The all-new 2018 Audi Q5 five-passenger compact crossover begins its second generation with a new platform, cabin, engine, transmission, grille and side sculpting, and new all-wheel drive, which is now standard.
The 2018 Q5 is slightly longer and a couple inches wider than before. The platform comes from the Audi A4 sedan, and has more structural rigidity, as the chassis uses more aluminum. The all-wheel drive system is lighter and more sophisticated. There’s more sound-deadening material between the chassis and the cabin. The interior speaks a new design language: roomy and beautiful. There are more standard features.
The base 2.0-liter turbocharged four-cylinder gets a needed horsepower increase, from the previous 220 to 258 hp, while torque gets boosted to 273 pound-feet, up from 258. It’s the same engine that’s used in the heavier Q7, so it runs more free in the Q5. It’s mated to a 7-speed automatic and all-wheel drive called Quattro Ultra, which disconnects the driveshaft to the rear wheels to save fuel; and it must work, because the new engine gets two more miles per gallon, to go with its 38 more horsepower. When power to the rear is needed, it comes back in a fraction of a second.
The high-performance Audi SQ5 uses a turbocharged 3.0-liter V6 making 354 horsepower, mated to an eight-speed automatic.
Audi Q5’s rivals include BMW X3, Mercedes-Benz GLC, Jaguar F-Pace, Volvo XC60, Cadillac XT5, and Range Rover Evoque.
Available safety features include adaptive cruise control that drives the car in stop-and-go freeway traffic, and automatic emergency braking. A new 2018 option is a warning when you start to open a passenger door into traffic.
The SQ5 has different trim and unique alloy wheels. It’s a sleeper, with no clues that there’s 354 horsepower under the hood.
The Q5 cabin has changed a lot for 2018, adopting the latest Audi design direction. It ranks with the best in the segment. It’s refined, beautifully detailed, and serene, remarkably quiet and free of road noise. The instrumentation is logical. Switchgear is on a panel below the climate control, while infotainment is managed on a big touchpad.
The new architecture created more room in the rear, so now the A5 is as comfortable as others back there. Two six-footers can fit, although that third rear passenger might find his or her legs mashed together from the knees to feet, not just because of the four other long legs, but because the middle seat is flat while the outboard seats are deeply scalloped. Four are more comfortable than five.
The rear seats fold easily but not flat.
The cargo area behind the rear seat is nicely finished. It’s about 0.5 cubic feet smaller than before, as the seat was moved back for more legroom. However, when the 60/40 rear seats are down there’s almost three more cubic feet of cargo space than before.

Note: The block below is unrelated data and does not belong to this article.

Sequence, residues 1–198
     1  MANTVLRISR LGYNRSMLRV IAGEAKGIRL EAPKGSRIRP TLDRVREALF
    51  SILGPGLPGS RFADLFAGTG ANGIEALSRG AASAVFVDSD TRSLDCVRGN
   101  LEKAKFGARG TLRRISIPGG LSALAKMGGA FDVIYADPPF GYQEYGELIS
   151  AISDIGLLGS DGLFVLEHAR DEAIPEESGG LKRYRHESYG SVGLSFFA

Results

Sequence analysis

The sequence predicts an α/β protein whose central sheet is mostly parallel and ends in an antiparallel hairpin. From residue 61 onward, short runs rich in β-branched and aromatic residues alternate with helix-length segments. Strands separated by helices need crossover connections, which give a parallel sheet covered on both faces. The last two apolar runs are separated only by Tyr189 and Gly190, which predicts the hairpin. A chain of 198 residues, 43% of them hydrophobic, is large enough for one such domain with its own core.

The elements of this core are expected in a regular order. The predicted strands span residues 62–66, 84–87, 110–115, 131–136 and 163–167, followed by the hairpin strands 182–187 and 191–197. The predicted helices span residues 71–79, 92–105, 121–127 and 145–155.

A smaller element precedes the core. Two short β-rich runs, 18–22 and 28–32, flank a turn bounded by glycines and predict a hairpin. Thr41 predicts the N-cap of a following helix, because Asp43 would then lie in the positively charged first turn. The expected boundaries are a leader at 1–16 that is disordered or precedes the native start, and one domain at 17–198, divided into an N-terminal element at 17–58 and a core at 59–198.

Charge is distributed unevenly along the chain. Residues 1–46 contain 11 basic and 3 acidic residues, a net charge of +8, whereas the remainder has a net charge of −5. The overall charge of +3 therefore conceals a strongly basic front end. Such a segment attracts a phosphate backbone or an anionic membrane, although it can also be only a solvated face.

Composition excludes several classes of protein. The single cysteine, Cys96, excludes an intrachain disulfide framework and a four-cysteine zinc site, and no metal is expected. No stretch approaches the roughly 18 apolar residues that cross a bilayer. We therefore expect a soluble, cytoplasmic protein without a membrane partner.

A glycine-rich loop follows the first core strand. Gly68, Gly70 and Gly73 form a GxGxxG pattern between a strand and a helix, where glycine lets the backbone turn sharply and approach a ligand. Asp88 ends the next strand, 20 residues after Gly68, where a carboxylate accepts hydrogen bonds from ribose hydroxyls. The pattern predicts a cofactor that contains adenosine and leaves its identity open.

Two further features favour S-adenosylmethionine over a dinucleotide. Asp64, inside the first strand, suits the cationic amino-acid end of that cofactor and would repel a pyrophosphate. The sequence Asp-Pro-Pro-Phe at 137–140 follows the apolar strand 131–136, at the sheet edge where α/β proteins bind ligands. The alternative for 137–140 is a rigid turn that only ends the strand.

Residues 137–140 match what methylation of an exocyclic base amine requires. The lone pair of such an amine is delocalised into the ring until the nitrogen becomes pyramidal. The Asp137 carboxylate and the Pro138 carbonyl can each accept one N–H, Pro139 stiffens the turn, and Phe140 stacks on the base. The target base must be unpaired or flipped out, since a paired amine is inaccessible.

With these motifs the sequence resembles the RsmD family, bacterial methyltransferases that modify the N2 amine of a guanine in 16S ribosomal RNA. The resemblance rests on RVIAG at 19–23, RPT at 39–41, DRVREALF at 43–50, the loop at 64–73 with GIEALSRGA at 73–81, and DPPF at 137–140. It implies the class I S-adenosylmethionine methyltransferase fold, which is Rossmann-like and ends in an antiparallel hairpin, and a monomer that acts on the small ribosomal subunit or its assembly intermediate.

The panoramic moonroof is not a sunroof; that is, the shade doesn’t fully block out the sun, so we couldn’t make the cabin cool and dark like we like it.
The other thing we didn’t like was the display screen fixed at the center top of the dash. It never retracts. It looks like a tablet computer on a clip. Dash top screens are not our favorite Audi feature.
Prestige models replace the standard analog-type instruments with Audi’s Virtual Cockpit with a configurable 12.3-inch LCD screen showing everything from digital gauges to audio controls to Google Earth navigation. The system interfaces using Audi’s MMI that has its own touchpad on the console near the shift lever.
The SQ5 gets sportier seats with red stitching, and available carbon-fiber trim.
The optional Drive Select system has four modes, Auto, Comfort, Sport, and Individual, which change the steering, transmission, and throttle responses.
While most manufacturers are increasing the number of gears in their automatic transmissions, in pursuit of fuel mileage, the Q5 drops a gear, from eight speeds to seven. Yet efficiency improves by two miles per gallon to an EPA-rated 23 mpg City. It still gets 27 mpg Highway, for an EPA-rated 25 mpg Combined. Bottom line is that fuel economy is improved significantly while power is increased substantially.
We couldn’t feel much difference in the dynamics in a Q5 with the available adaptive dampers. But even set in the firmest mode, and with 20-inch wheels, the cabin was still serene and isolated.
On hard-packed washboard and through deep sand, we found the Q5’s suspension kept the ride surprisingly smooth on the washboard, and the Quattro Ultra all-wheel-drive was unfazed by the sand.
The SQ5 uses a 3.0-liter turbocharged V6 making 354 horsepower and 369 pound-feet of torque, and a quick-shifting 8-speed automatic. It can accelerate from zero to sixty in 5.1 seconds. An available rear mechanical limited slip differential sends power to the outside wheels in corners, which helps the SQ5 feel more nimble, despite its 4400 pounds. The SQ5 comes alive in Dynamic mode.
The standard air suspension lowers the normal ride height of the SQ5 to 7.0 inches, a bit less than the 8.2 inches of the Q5. And it’s adjustable, so the car be raised for rugged terrain (or steep transitions in town) or lowered for freeway. The ride suffers with the optional 21-inch wheels, however. We found the 20-inch wheels offered a much better ride.
The all-new Audi Q5 is better looking, has a beautiful cabin with more room in the rear, a significantly more powerful and responsive four-cylinder engine that gets better fuel mileage, and a new all-wheel drive called Quattro Ultra. The base Premier model is very well equipped. The SQ5 with its turbocharged V6 offers a lot higher performance, although it’s not a canyon-carving crossover.
Sam Moses contributed to this review, with staff reports.